Part 2: The Paper and The #CVofFailures

On Tuesday, I posted the beginning of the most recent piece of my CV of Failures. Everyone has been amazingly supportive–not surprisingly.  It is hard when you put yourself out there publicly.  When you submit an article to a journal, you feel like only a select few will read your raw words, then get back to you.  Here, I’m making those raw words (and some of the reviewers’ words) very public.

Copyright PhD comics

Here are a few more of my words on the page.  Part 2.

The History of Intelligence in Britain and the United States

The history of espionage and covert acts is not often included in other fields for a few reasons.  First, finding proof of covert operations in the archives is difficult, due to many of the documents and activities being classified.  Second, even if it is possible to find written evidence, it is even more difficult to definitively prove that spy activity affected political, economic, or military proceedings.  And third, related to the second reason, while the intelligence world has had a clear impact on history, the episodes associated with them are not as visible as other events such as revolution, war, or groundbreaking legislation (although they are arguably more exciting).  In spite of these difficulties, there are a number of histories of the intelligence world that attempt to bring these bureaus and their operatives into the larger narrative and demonstrate their historical agency.  For the United States and Britain, these histories run parallel and even intersect at some major points.  Each country tended to focus their intelligence gathering operations on lands that were within or near their respective spheres of influence.  Early in the twentieth century, this tended to be Mexico and Central and South America for the United States, and Europe and the growing Empire for Great Britain.  Literature in the history of espionage tends to focus on military and governmental groups as opposed to any operatives specifically; in doing so, authors omit some major characters from the story.*

The main works in early intelligence in the United States focus on military attachés and other military personnel, as they were the people heavily involved in setting protocol and had the training and skill to perform delicate tasks involving covert operations.  Jeffrey Dorwart’s definitive two-volume work on intelligence focuses on the development of the Office of Naval Intelligence (ONI), which he calls “America’s first intelligence agency.”   The first volume covers the period from just after the end of the Civil War in 1865 up to the end of the First World War.  He clearly shows the fledgling ONI as having budget issues, personnel problems, and general issues of support from Navy officers as well as the Secretary of State and the President. During Woodrow Wilson’s time as President (1913-1921), the intelligence world in the United States, which had been growing in scope and size, began to shrink.  Furthermore, the focus of this intelligence was not primarily in Europe, but instead on domestic issues and on the fledgling new states in Central and South America.  The US wanted to make sure that European powers stayed out of the Western Hemisphere, as well as get access to trade agreements, natural resources, and government control.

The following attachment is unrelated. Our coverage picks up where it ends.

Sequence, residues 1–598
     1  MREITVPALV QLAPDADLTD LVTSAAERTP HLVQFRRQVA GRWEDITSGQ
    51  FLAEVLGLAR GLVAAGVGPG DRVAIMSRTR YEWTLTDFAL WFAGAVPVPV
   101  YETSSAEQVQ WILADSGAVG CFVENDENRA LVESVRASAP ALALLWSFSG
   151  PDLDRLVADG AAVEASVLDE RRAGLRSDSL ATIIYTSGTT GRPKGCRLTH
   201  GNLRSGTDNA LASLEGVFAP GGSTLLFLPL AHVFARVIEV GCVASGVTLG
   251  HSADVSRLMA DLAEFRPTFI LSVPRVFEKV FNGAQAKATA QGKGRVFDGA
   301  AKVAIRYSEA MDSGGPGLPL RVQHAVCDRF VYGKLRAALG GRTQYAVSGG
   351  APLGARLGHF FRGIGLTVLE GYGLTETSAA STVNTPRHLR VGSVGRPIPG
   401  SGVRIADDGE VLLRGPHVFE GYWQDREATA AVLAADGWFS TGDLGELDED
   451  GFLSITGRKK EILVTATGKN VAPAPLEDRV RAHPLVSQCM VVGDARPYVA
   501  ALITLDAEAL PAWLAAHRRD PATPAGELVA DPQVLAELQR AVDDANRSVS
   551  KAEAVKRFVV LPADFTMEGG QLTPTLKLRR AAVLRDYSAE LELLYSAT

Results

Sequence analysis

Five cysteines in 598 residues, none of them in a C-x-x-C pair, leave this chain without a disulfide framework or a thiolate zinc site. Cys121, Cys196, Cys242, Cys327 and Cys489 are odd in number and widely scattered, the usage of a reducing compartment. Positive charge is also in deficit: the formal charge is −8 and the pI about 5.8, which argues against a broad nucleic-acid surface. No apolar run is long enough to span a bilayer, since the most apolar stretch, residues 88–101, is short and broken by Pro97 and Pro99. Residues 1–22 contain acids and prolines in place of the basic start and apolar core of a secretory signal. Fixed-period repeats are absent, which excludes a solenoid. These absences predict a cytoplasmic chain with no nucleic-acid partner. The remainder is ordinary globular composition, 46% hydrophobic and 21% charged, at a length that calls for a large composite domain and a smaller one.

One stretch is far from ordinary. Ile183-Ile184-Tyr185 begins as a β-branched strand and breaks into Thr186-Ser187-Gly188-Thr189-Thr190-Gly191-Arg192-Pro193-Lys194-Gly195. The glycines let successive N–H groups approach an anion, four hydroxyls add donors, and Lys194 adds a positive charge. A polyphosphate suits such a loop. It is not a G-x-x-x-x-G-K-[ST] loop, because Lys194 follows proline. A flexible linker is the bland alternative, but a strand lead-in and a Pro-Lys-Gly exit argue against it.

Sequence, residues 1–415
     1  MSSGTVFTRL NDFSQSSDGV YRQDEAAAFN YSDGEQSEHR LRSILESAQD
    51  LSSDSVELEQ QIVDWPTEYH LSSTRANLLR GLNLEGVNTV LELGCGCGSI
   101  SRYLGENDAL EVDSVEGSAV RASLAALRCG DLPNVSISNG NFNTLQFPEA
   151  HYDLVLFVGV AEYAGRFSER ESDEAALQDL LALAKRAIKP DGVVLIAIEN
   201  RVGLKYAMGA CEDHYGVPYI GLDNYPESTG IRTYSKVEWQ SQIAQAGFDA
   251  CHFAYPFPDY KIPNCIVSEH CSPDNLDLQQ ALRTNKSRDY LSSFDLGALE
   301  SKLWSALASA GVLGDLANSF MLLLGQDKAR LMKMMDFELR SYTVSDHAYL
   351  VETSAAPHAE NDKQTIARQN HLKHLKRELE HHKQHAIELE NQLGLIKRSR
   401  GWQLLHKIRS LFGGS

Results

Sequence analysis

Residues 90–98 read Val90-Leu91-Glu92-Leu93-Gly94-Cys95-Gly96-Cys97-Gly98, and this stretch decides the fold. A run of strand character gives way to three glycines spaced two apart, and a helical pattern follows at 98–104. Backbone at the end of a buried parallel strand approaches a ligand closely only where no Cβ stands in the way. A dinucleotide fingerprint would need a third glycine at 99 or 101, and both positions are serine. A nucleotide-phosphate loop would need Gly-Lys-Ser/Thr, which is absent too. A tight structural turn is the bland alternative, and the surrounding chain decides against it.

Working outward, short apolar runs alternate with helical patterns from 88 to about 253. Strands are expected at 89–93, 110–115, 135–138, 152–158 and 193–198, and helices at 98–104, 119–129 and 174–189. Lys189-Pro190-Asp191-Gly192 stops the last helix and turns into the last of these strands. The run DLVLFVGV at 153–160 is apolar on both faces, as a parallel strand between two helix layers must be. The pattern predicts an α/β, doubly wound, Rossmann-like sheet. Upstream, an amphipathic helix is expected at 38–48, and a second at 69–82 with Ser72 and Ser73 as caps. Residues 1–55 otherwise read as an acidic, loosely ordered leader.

During the same time in British Intelligence, because Great Britain itself was so small, yet their Empire so vast, they needed to make sure they had the means to gather information on their colonies as well as other European powers.  Christopher Andrew wrote the two definitive histories of British Intelligence, and demonstrates that they had early frustrations similar to the ONI in the United States (Andrew 1986; Andrew 2009; Jeffreys-Jones 2013).   Intelligence was a small division within the government and were comprised of underfunded military departments.  As did the ONI, British intelligence grew up to and through the Great War.  There was government support for intelligence during the War because of their proximity to conflict as well as the opportunity for imperial gains after the fighting had ended.  During the War the budget for intelligence in Britain was about £100,000; by 1919 it was cut by two-thirds; by 1921 the budget was just ten percent of its wartime height (Andrew 2009, 117-8).   Even though British forces were fighting in the Middle East during this time, and they were heavily interested in the resources and land available there, Andrew and others pass over discussion of that important covert battleground.